By WARREN RESEN – North American Travel Writers Association
Santa Fe, NM — Bishop’s Lodge Ranch Resort & Spa was the first planned stop after leaving West Palm Beach on our 2013 cross country road trip. Until then it was just drive and stop for the night where ever we were.
Historic Bishop’s Inn is nestled in the Sangre de Cristo Mountains, the southernmost foot hills of the Rocky Mountains just a few miles north of the historic, touristy, art-filled downtown of Santa Fe, New Mexico.
In 1610, Santa Fe was proclaimed the capital of the Kingdom of New Mexico by the Spanish governor making it the oldest capital city in the country today.
To clear up any confusion at this point for Florida readers, St. Augustine, Florida, is the oldest continuously occupied European city in the United States having been founded in 1565, almost half-a-century before Santa Fe’s capital designation.
Running streams and gurgling waterfalls (manmade) in the middle of this high desert country greeted us when we turned in at the entrance of Bishop’s Lodge. As we arrived, several large mule deer watched our approach from across the road as if to let us know that we were in their territory also.
Bishop’s Lodge is named for Jean-Baptiste Lamy (1814-1885), the first Archbishop of the Southwest Diocese, who arrived here in the mid 1800s. Bishop Lamy lived on this site for many years and the small chapel, which he built on this property almost 160 years ago, remains practically unchanged from its original design. Still in use today, the chapel is open for guests to visit and a favorite location for weddings.
This area of New Mexico is a world of open spaces, crisp mountain air and four seasons, so different from Florida’s featureless landscape and humid 2-season climate. Bishop’s Lodge is spread out over 450 acres of rolling foothills adjacent to the Santa Fe National Forest, its earth-tone adobe buildings blending into the landscape.
Bishop’s Lodge is not a monolithic resort with a large bustling central lobby, its rooms radiating out in all directions. The Lodge’s registration and public areas are comfortably furnished in traditional southwestern style incorporating Colonial Spanish, Native American and southwestern furniture, art and artifacts. Typical of a charming, warm, inviting hacienda, the setting sets the theme for the rest of the resort.
An obscure booklet about the resort, which I was fortunate to obtain, titled “From Retreat To Resort,” describes the property and its history and best sums up the soul of Bishop’s Lodge. “The Lodge is modern and up-to-date in every respect and offers all of the comforts and conveniences of the leading metropolitan hotels, yet it possesses none of the atmosphere of a hotel. On the contrary, it is most homelike. It is a place where one may take things easy and enjoy the pleasure, wonders and glories of the out-of-doors in absolute comfort but without any of the unnecessary conventions of fashionable retreats.” That is precisely what we encountered everywhere we went on the property.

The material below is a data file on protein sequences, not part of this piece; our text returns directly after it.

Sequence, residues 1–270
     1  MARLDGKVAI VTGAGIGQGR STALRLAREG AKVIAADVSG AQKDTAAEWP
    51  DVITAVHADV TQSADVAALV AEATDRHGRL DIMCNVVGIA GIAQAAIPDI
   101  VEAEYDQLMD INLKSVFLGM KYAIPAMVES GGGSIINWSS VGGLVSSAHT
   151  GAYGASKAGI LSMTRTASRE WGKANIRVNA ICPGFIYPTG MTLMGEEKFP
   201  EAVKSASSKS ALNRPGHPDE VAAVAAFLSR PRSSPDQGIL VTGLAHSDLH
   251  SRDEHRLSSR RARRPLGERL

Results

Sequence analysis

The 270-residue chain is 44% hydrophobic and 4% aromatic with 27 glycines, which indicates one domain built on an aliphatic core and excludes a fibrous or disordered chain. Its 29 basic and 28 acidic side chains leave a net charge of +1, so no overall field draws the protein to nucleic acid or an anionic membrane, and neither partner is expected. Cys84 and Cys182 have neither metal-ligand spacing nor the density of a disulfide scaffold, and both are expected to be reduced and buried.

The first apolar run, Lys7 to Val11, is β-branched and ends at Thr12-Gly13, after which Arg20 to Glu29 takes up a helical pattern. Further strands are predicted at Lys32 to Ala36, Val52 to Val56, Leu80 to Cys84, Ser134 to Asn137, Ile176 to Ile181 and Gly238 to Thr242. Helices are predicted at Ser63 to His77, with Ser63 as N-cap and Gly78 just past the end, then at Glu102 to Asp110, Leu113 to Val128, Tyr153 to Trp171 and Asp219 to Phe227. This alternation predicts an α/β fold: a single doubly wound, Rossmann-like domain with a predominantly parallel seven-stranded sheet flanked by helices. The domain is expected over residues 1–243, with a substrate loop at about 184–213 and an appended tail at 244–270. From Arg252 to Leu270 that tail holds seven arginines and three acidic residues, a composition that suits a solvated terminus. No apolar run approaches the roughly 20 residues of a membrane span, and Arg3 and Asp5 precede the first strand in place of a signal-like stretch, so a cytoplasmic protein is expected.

There is no reason to leave Bishop’s Lodge during your stay. Everything is here for your comfort and enjoyment: horseback riding for beginners and advanced riders (their horse or yours), miles of hiking trails, mountain biking, skeet and trap shooting, fitness center, outdoor heated pool, hot tub, tennis, spa, winter skiing, nearby golf courses and many more amenities. There is also a camp for kids on the premises. Should you want to visit the nearby bustling city of Santa Fe with its world-class museums and fabulous shopping without the hassle of trying to find a scarce parking space, Bishop’s Lodge provides complimentary shuttle service.
Bishop’s Lodge residences offer guests a mix of accommodations ranging from distinctive guest rooms located in the lodges, to suites and 2 & 3 bedroom Villas. A few on-site single family units are available for purchase or lease. All units are comfortably and individually furnished with décor reflecting the area’s history
As to that all important question of, where to go for dinner, Bishop’s Inn has the answer….the Las Fuentes Restaurant and Bar in the main lodge. The restaurant’s menu offers “contemporary American cuisine with a Southwestern flair” in a setting that pays tribute to the area’s history and surroundings. Rustic beamed ceilings, Navajo rugs and murals by the famous Santa Fe artist W.E. Rollins add to your dining experience.
The restaurant is also open for breakfast and lunch but it is the dinner menu that was of greatest interest to us. Diners can make their selections from “the mountain top” or “from the waters” listings on the menu.
Their signature dishes, supplied by local sources, include Buffalo Lamb and Trout. Samplings and salads are prepared from fresh local ingredients. Vegetarian and vegan diners have their own selection of fresh foods.
A knowledgeable and efficient wait-staff took our orders while soft guitar music played in the background. Sandwiches, fresh salads and drinks are available to guests on the main lodge’s Sunset Terrace or poolside from the Sunflower Bar & Grill.
Favorite reading for many guests after visiting Bishop’s Lodge Resort & Spa is the novel Death Comes for the Archbishop. American author Willa Cather (1873-1947) visited the lodge in 1927 and based her story around the life of Bishop Lamy for whom Bishop’s Lodge is named. The novel concerns the attempts of a Catholic bishop and a priest to establish a diocese in the New Mexico Territory.
I’ve often been asked why room rates are rarely mentioned in my articles. Trying to quote exact prices is like trying to hit a moving target.
Rates at hotels vary depending on unit, season, day-of-the-week, special promotions and many more variables.
Bishop’s Lodge Ranch Resort & Spa is a proud member of Historic Hotels of America, guaranteeing a commitment to preservation and authenticity of the property.